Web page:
The Ten Commandments are called a "covenant" (Exodus 34:28; Deuteronomy 4:13; Deuteronomy 9:9); and they are the foundation of all the other laws of the Bible (the "Old Covenant" and the "New Covenant"). Also, from a literary standpoint they are arranged in a chiastic structure -- a form of parallelism in which a series of statements use similar or contrasting words, phrases, or thoughts in reverse order, with the reversal starting at the at the mid-point of the passage. In the case of the Ten Commandments, the parallelism is based on the area (thought, word, or deed) which is regulated by the commandment. The chiastic order is as follows: (# 1) Thoughts; (# 2) Thoughts; (# 3) Words; (# 4) Deeds; (# 5) Deeds; (# 6) Deeds; (# 7) Deeds; (# 8) Deeds; (# 9) Words; (# 10) Thoughts. The first commandment deals with the heart, as does the last, thus forming a framework for the Ten Commandments in which the condition of the heart determines not only the content of the thoughts, but also one's words and deeds, both of which proceed from the heart (cf., Proverbs 4:23).

Exodus 20

     1 And God spoke all these words, saying, 2 "I am the LORD your God, who brought you out of the land of Egypt, out of the house of slavery.
     3 "You shall have no other gods before me.
     4 "You shall not make for yourself a carved image, or any likeness of anything that is in heaven above, or that is in the earth beneath, or that is in the water under the earth. 5 You shall not bow down to them or serve them, for I the LORD your God am a jealous God, visiting the iniquity of the fathers on the children to the third and the fourth generation of those who hate me, 6 but showing steadfast love to thousands of those who love me and keep my commandments.
     7 "You shall not take the name of the LORD your God in vain, for the LORD will not hold him guiltless who takes his name in vain.
     8 "Remember the Sabbath day, to keep it holy. 9 Six days you shall labor, and do all your work, 10 but the seventh day is a Sabbath to the LORD your God. On it you shall not do any work, you, or your son, or your daughter, your male servant, or your female servant, or your livestock, or the sojourner who is within your gates. 11 For in six days the LORD made heaven and earth, the sea, and all that is in them, and rested on the seventh day. Therefore the LORD blessed the Sabbath day and made it holy.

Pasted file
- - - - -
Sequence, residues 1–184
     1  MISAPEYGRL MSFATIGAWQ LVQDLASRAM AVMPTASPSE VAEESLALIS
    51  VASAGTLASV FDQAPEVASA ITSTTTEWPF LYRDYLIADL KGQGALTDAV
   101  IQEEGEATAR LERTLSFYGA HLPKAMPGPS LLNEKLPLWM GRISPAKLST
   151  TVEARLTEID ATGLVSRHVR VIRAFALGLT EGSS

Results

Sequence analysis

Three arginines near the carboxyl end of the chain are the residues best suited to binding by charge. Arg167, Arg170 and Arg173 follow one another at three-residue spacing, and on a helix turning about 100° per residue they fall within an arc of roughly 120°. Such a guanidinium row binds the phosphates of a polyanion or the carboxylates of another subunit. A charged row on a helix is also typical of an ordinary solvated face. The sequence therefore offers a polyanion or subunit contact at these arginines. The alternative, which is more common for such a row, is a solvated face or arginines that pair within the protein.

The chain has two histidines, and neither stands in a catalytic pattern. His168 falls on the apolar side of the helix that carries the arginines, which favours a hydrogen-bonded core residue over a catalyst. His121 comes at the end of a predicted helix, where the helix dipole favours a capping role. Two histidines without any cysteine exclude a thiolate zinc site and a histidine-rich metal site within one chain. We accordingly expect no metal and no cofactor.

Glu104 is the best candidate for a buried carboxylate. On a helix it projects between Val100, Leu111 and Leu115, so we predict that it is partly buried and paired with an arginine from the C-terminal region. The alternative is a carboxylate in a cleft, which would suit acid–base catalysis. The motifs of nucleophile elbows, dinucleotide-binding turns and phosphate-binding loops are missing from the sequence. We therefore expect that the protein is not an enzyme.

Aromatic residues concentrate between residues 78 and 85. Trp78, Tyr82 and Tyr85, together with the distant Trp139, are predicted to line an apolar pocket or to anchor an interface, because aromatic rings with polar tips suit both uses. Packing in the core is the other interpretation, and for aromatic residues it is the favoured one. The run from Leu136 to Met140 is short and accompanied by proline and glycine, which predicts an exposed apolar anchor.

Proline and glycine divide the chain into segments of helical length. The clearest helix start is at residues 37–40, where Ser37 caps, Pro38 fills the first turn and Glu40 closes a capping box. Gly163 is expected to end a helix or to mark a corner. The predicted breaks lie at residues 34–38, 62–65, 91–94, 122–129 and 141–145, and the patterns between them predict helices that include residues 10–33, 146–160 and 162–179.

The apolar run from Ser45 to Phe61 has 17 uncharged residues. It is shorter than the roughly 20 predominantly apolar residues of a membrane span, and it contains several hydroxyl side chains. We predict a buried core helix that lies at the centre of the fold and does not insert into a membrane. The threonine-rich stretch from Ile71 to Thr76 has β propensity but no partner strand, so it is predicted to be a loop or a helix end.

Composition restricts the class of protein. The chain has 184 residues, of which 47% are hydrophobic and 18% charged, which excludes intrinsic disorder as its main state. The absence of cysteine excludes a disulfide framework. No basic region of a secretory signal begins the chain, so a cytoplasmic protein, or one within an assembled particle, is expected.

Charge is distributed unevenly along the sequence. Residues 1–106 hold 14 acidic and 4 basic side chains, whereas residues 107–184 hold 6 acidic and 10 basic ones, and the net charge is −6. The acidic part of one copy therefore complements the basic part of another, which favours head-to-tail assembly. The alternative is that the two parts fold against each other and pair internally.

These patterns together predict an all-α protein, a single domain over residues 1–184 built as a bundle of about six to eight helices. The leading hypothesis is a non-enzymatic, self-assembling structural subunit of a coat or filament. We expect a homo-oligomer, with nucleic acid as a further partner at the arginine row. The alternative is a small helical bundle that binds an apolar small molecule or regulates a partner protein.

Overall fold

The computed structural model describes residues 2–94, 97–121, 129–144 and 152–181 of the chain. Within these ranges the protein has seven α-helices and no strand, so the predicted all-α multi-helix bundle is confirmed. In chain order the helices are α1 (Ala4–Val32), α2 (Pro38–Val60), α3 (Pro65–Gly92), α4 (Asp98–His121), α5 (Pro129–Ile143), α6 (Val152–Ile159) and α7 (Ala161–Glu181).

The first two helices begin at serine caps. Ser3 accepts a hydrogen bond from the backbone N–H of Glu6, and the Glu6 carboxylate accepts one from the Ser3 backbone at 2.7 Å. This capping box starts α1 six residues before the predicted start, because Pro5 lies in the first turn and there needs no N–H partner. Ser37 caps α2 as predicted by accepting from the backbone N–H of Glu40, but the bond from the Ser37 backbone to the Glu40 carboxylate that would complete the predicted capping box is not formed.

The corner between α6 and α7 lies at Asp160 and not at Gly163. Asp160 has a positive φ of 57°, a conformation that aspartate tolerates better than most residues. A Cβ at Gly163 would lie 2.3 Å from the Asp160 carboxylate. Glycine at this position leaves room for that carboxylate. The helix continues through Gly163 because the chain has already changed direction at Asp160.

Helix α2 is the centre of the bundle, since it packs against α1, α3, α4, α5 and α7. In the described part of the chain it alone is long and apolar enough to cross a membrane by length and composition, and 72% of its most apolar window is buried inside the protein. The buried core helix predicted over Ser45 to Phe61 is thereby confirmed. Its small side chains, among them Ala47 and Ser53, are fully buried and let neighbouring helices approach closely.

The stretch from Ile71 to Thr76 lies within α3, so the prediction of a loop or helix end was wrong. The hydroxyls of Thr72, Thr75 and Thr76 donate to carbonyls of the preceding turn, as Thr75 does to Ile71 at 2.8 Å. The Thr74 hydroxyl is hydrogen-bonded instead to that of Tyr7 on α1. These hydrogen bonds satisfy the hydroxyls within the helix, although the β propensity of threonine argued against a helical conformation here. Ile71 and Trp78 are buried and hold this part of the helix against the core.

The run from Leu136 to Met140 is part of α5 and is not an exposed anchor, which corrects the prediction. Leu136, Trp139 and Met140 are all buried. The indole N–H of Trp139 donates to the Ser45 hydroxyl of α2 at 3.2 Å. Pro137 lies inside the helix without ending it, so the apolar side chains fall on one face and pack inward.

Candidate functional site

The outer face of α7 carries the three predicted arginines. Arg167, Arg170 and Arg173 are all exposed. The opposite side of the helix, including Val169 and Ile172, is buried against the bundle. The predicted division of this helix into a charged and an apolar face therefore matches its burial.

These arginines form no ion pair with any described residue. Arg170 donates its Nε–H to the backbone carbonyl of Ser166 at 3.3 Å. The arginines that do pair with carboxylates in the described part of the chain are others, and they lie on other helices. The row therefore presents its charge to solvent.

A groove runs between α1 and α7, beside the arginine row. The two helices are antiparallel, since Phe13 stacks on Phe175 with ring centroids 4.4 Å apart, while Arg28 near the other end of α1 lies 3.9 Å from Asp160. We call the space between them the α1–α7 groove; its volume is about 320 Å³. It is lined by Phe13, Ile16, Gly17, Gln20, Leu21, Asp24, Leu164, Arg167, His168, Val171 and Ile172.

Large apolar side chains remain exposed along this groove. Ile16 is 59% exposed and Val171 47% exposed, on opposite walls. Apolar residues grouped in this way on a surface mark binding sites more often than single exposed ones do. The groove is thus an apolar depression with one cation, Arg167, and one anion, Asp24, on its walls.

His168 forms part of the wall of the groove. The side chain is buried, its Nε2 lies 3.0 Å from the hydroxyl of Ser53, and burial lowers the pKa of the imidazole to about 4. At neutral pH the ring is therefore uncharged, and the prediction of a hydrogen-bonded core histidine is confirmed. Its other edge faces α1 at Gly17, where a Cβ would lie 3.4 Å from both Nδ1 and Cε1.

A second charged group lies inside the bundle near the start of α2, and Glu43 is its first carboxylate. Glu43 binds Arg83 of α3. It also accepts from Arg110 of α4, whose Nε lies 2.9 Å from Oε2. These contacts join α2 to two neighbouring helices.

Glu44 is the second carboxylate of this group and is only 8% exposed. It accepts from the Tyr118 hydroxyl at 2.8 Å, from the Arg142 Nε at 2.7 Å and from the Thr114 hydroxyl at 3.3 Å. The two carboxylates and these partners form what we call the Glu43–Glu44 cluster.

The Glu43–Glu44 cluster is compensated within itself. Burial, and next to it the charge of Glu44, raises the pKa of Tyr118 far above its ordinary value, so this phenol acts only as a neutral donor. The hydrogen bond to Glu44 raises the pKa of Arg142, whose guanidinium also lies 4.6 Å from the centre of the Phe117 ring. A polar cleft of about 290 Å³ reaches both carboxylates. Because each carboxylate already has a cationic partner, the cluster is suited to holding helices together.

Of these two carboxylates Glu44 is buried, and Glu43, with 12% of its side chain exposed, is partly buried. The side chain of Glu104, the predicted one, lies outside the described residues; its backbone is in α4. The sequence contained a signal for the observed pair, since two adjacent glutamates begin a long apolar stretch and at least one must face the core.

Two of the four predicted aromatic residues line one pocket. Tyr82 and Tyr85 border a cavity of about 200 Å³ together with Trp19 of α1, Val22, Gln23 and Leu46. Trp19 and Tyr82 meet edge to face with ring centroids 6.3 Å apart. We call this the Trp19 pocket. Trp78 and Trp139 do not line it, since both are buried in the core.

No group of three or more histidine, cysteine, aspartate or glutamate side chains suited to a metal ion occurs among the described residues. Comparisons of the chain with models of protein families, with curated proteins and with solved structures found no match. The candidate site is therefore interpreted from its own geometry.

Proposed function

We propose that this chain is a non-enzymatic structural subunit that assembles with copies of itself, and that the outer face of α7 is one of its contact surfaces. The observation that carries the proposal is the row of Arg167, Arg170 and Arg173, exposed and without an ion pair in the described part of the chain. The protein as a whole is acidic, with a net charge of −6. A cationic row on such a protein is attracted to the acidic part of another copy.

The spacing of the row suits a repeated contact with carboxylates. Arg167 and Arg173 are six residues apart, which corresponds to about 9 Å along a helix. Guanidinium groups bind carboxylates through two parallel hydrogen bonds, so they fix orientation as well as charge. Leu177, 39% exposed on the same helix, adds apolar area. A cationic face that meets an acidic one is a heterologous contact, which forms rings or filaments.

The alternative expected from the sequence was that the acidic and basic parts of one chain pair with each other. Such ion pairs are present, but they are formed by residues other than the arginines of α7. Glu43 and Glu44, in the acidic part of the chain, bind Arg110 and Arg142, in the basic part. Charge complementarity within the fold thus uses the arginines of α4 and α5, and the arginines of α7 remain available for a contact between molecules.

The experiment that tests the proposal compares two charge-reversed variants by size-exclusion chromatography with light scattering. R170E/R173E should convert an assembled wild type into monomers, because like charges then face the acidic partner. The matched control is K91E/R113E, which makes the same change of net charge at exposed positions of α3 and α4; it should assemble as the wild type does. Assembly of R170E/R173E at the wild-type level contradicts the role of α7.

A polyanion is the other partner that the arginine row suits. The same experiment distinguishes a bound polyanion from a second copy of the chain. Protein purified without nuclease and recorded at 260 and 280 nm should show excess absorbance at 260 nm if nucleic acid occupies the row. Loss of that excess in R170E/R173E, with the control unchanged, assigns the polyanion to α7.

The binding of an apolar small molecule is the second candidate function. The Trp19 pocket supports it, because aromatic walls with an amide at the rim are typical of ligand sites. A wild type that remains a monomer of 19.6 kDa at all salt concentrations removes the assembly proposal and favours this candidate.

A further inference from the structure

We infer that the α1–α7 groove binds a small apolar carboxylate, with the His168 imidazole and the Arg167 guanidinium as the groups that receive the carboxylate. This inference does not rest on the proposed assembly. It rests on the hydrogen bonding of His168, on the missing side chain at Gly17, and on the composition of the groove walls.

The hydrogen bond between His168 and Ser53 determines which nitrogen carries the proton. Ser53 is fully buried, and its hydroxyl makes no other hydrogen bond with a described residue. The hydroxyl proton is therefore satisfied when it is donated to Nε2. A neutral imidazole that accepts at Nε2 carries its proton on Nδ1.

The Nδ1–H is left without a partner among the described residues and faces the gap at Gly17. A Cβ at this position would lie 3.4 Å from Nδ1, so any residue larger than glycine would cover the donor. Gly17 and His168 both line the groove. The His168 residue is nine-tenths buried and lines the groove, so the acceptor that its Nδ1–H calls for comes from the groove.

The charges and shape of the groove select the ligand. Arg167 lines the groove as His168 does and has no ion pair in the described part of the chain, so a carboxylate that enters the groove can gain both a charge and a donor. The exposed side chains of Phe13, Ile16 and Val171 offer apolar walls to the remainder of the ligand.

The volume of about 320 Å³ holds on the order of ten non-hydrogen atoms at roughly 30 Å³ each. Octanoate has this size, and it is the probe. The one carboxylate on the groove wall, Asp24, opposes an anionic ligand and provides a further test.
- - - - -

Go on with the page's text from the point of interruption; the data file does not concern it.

12 "Honor your father and your mother, that your days may be long in the land that the LORD your God is giving you.
     13 "You shall not murder.
     14 "You shall not commit adultery.
     15 "You shall not steal.
     16 "You shall not bear false witness against your neighbor.
     17 "You shall not covet your neighbor's house; you shall not covet your neighbor's wife, or his male servant, or his female servant, or his ox, or his donkey, or anything that is your neighbor's."
     18 Now when all the people saw the thunder and the flashes of lightning and the sound of the trumpet and the mountain smoking, the people were afraid and trembled, and they stood far off 19 and said to Moses, "You speak to us, and we will listen; but do not let God speak to us, lest we die." 20 Moses said to the people, "Do not fear, for God has come to test you, that the fear of him may be before you, that you may not sin." 21 The people stood far off, while Moses drew near to the thick darkness where God was.
     22 And the LORD said to Moses, "Thus you shall say to the people of Israel: 'You have seen for yourselves that I have talked with you from heaven. 23 You shall not make gods of silver to be with me, nor shall you make for yourselves gods of gold. 24 An altar of earth you shall make for me and sacrifice on it your burnt offerings and your peace offerings, your sheep and your oxen. In every place where I cause my name to be remembered I will come to you and bless you. 25 If you make me an altar of stone, you shall not build it of hewn stones, for if you wield your tool on it you profane it. 26 And you shall not go up by steps to my altar, that your nakedness be not exposed on it.'